Association between obesity and magnetic resonance imaging defined patellar tendinopathy in community-based adults: a cross-sectional study
1 School of Public Health and Preventive Medicine, Monash University, Alfred Hospital, Melbourne VIC 3004, Australia
2 Centre for Epidemiology and Biostatistics, Melbourne School of Population and Global Health, The University of Melbourne, Carlton VIC 3053, Australia
3 Cancer Epidemiology Centre, Cancer Council Victoria, Carlton VIC 3053, Australia
4 Department of Physiotherapy, School of Primary Health Care, Faculty of Medicine, Nursing and Health Sciences, Monash University, Frankston VIC 3199, Australia
5 Healthcare Imaging Services, MRI Department, Epworth Hospital, Richmond VIC 3131, Australia
6 Department of Medicine, Central Clinical School, Monash University, Melbourne, Australia
BMC Musculoskeletal Disorders 2014, 15:266 doi:10.1186/1471-2474-15-266Published: 7 August 2014
Patellar tendinopathy is a common cause of activity-related anterior knee pain. Evidence is conflicting as to whether obesity is a risk factor for this condition. The aim of this study was to determine the relationship between obesity and prevalence of magnetic resonance imaging (MRI) defined patellar tendinopathy in community-based adults.
297 participants aged 50–79 years with no history of knee pain or injury were recruited from an existing community-based cohort. Measures of obesity included measured weight and body mass index (BMI), self-reported weight at age of 18–21 years and heaviest lifetime weight. Fat-free mass and fat mass were measured using bioelectrical impedance. Participants underwent MRI of the dominant knee. Patellar tendinopathy was defined on both T1- and T2-weighted images.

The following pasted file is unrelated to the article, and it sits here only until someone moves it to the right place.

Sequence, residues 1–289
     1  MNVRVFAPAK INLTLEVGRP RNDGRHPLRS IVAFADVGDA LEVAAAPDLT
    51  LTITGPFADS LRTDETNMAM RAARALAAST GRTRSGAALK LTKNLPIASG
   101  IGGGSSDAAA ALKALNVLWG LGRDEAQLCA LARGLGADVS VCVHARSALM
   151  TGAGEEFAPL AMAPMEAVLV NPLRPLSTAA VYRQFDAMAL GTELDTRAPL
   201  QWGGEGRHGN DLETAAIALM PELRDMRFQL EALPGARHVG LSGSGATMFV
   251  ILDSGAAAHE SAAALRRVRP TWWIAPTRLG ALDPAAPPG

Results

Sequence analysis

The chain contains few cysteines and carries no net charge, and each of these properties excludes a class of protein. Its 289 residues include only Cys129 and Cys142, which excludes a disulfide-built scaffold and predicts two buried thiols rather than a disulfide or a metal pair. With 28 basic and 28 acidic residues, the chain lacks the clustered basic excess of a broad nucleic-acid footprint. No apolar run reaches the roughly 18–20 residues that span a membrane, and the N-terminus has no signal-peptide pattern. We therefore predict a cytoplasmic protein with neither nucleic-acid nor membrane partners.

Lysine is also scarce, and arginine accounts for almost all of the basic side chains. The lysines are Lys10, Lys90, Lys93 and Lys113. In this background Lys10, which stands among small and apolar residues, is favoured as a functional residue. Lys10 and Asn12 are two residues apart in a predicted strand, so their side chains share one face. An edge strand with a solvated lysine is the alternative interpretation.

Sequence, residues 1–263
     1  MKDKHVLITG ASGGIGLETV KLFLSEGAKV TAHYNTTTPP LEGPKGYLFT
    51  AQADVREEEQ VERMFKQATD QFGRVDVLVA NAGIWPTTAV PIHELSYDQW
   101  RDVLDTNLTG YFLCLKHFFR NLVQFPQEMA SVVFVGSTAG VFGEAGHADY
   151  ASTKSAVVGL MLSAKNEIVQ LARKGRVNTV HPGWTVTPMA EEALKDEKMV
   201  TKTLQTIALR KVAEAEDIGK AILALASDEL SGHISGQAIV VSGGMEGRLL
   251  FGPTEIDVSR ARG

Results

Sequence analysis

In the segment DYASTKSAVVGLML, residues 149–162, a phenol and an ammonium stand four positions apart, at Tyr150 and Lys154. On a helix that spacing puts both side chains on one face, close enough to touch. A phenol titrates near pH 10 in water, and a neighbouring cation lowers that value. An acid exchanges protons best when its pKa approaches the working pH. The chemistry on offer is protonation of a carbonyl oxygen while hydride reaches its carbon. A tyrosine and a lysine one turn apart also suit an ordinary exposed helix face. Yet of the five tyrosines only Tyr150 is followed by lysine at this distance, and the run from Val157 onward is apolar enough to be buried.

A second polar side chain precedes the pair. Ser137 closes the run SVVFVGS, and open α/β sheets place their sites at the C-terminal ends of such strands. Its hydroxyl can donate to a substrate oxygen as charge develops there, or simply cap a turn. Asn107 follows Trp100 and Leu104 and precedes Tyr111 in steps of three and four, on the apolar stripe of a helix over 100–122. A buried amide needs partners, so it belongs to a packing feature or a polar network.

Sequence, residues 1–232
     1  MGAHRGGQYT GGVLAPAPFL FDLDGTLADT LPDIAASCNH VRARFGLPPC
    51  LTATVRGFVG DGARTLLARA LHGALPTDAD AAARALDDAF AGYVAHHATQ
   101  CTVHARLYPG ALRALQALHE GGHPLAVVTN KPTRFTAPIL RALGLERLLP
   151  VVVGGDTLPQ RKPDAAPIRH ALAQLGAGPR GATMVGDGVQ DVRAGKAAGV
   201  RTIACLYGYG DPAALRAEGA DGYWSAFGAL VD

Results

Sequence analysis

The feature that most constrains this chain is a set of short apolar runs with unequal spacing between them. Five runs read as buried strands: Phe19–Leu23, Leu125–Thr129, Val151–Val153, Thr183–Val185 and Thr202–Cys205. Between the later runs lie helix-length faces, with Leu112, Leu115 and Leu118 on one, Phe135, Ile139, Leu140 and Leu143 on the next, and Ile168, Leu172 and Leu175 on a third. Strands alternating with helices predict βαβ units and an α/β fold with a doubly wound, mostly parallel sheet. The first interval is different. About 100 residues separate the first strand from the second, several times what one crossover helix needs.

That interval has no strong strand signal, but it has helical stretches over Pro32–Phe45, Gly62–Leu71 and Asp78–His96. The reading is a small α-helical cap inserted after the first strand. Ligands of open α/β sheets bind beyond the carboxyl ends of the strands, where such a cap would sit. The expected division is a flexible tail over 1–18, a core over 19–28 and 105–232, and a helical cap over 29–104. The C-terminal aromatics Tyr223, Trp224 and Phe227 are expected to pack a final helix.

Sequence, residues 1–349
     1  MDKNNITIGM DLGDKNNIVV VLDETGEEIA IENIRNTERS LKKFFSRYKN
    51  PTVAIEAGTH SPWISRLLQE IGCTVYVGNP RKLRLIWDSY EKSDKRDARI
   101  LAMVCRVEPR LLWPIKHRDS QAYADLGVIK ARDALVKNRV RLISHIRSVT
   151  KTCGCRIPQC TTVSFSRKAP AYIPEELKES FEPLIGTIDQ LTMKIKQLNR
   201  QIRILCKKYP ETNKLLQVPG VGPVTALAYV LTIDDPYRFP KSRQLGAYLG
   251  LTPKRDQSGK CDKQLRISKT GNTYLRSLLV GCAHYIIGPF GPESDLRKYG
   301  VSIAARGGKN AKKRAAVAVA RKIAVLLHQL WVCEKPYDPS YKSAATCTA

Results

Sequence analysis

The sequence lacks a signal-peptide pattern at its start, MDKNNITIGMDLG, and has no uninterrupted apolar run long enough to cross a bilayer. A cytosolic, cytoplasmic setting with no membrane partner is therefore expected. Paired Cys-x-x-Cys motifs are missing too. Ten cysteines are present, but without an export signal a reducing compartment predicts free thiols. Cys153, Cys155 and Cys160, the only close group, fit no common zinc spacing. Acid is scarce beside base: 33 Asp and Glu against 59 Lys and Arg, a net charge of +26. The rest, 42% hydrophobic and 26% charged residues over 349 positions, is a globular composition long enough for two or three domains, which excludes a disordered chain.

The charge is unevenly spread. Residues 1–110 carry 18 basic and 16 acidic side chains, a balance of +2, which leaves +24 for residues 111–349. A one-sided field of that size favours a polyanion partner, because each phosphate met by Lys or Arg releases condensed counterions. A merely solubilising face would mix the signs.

The prevalence of MRI defined patellar tendinopathy was 28.3%. Current weight (OR per kg = 1.04, 95% CI 1.01-1.06, P = 0.002), BMI (OR per kg/m2 = 1.10, 95% CI 1.04-1.17, P = 0.002), heaviest lifetime weight (OR per kg = 1.03, 95% CI 1.01-1.05, P = 0.007) and weight at age of 18–21 years (OR per kg = 1.03, 95% CI 1.00-1.07, P = 0.05) were all positively associated with the prevalence of patellar tendinopathy. Neither fat mass nor fat-free mass was associated with patellar tendinopathy.
MRI defined patellar tendinopathy is common in community-based adults and is associated with current and past history of obesity assessed by BMI or body weight, but not fat mass. The findings suggest a mechanical pathogenesis of patellar tendinopathy and patellar tendinopathy may be one mechanism for obesity related anterior knee pain.